SCOTTISH Conservative MP Andrew Bowie has been called out for a “car crash” BBC interview which saw him stumble over Brexit and trade – despite his position as a trade minister.

Bowie seemed to suggest that the UK Government was trying to negotiate trade deals with individual member states of the European Union – something which is not possible under the bloc’s rules.

He also repeatedly pointed to trade targets and goals, dodging questions about how the Tory government hoped to achieve them.

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Appearing on the BBC’s Politics Live, the Tory MP was challenged on research from Aston University which found the variety of UK products exported to the EU was down by 42% since Brexit.

The researchers behind the paper said this would have “serious implications for the UK’s future exporting and productivity”.

Asked on the BBC if he accepted that Brexit had made it more difficult to export goods and services, Bowie repeatedly refused.

“Our exit from the single market and customs union has obviously changed the relationship,” he said, “but we are determined to resolve the situation to make it easier for British exporters to get their goods onto shelves on the European continent”.

Bowie claimed it was getting easier to export to Europe “as each day goes past”, adding that the UK Government’s Department for International Trade was “committed to actually simplifying the process”.

Asked how they would do that, Bowie said they were “determined to drive up exports not just to the EU but around the world”.

As an example, the Tory exports minister pointed to trade deals such as the one with Australia – which former environment secretary George Eustice said was “not actually a very good deal” – insisting he “disagree[s] wholeheartedly” with that assessment.

Asked again how the UK Government would increase exports to the EU, Bowie said: “Various ways.”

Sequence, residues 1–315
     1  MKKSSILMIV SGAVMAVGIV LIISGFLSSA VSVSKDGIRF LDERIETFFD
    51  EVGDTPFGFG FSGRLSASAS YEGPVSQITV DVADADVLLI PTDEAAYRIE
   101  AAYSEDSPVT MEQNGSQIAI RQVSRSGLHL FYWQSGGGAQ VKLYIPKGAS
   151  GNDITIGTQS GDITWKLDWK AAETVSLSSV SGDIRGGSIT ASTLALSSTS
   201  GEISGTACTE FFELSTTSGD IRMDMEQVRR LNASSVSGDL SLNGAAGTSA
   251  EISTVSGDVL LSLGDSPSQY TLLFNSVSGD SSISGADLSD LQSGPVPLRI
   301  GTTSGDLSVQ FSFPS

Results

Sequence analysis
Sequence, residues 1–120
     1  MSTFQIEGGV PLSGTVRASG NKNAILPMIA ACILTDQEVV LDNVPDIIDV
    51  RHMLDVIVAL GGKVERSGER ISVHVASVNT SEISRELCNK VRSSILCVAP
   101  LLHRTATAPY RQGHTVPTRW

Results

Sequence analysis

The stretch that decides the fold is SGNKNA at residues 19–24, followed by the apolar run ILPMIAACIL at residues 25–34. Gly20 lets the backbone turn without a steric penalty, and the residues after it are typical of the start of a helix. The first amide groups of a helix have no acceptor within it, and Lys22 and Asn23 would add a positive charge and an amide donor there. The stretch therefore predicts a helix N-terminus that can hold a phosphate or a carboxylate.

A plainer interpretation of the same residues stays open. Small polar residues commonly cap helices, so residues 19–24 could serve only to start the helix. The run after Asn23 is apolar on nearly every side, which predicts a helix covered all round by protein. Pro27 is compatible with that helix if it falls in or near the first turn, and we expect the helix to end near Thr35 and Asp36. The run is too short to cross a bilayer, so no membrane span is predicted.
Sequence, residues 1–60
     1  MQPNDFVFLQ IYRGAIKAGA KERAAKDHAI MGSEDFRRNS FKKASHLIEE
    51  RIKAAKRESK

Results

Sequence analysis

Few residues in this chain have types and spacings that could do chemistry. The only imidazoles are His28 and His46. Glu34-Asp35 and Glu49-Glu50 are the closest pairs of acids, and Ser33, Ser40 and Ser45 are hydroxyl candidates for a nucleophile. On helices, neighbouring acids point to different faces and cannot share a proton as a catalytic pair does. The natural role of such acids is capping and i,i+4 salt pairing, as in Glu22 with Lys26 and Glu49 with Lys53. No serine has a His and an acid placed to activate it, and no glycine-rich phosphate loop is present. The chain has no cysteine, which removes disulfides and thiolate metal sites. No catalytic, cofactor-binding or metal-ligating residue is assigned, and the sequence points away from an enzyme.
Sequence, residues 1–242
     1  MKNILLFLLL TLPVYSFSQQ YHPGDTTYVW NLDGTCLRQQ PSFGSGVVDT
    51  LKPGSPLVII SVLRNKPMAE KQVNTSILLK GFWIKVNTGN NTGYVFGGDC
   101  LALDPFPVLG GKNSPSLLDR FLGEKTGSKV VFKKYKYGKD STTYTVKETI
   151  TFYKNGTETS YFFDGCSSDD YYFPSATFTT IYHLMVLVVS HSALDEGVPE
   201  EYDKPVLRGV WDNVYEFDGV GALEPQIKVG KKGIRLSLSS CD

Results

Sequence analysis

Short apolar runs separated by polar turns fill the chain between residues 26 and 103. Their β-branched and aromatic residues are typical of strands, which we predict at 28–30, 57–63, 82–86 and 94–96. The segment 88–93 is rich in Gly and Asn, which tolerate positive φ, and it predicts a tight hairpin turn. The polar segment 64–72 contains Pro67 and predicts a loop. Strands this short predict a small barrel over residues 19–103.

“We’re in the middle of discussions,” he went on. “We’ve got a target of getting the UK up to a trillion pounds of exports, of course Europe is a major market for British goods, they want to buy our stuff.

“We’re working hard across the board to simplify the process by which British companies get their goods into Europe.”

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Asked again how that could be done, Bowie said they wanted to “simplify the customs process”, suggesting the UK was looking to negotiate agreements individually with EU member states.

Bowie said that EU states were “of course” receptive to the UK reaching out to them, sidestepping the EU itself.

This is despite the fact that, as the European Commission’s website spells out: “Trade outside the EU is an exclusive responsibility of the EU, rather than the national governments of member countries.”

Sharing a clip of the exchange, Best for Britain wrote on Twitter that it had been an “utter car crash” for Bowie.

The campaign group went on: “Doesn't accept Brexit has hurt exports; Promises to grow EU trade, but can't say how; Promises simplified processes, but can't say how; Thinks he can negotiate customs with EU members state-by-state.

“This man is exports minister!”

SNP MP Drew Hendry, his party's international trade spokesperson at Westminster, said- the "grim reality is that Brexit has been a disaster for Scotland and the UK’s economy and for businesses and trade".

He went on: "Once again, when faced with the damaging impact of Brexit on the economy and trade, the Tories have utterly failed in setting out how they plan to mitigate its impact or how they intend to properly support businesses. 

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“While Andrew Bowie and his Scottish Tory colleagues bury their heads deeper in the sand over the damage caused by Brexit, it’s ordinary people and businesses across Scotland that are being forced to pay the heavy price.

“With Labour and the Tories both committed to the damage and delusion of Brexit, it’s beyond any doubt that the only way to protect Scotland’s interests and rejoin the EU is to become an independent country.”

After Rishi Sunak became Prime Minister, Bowie was rewarded for supporting him across two consecutive Tory leadership elections with a post as parliamentary under-secretary at the Department for International Trade.

He had previously been passed over for a vacant ministerial role in the Scotland Office, with Boris Johnson instead preferring to hand a life peerage to Malcolm Offord to allow him to take on the position.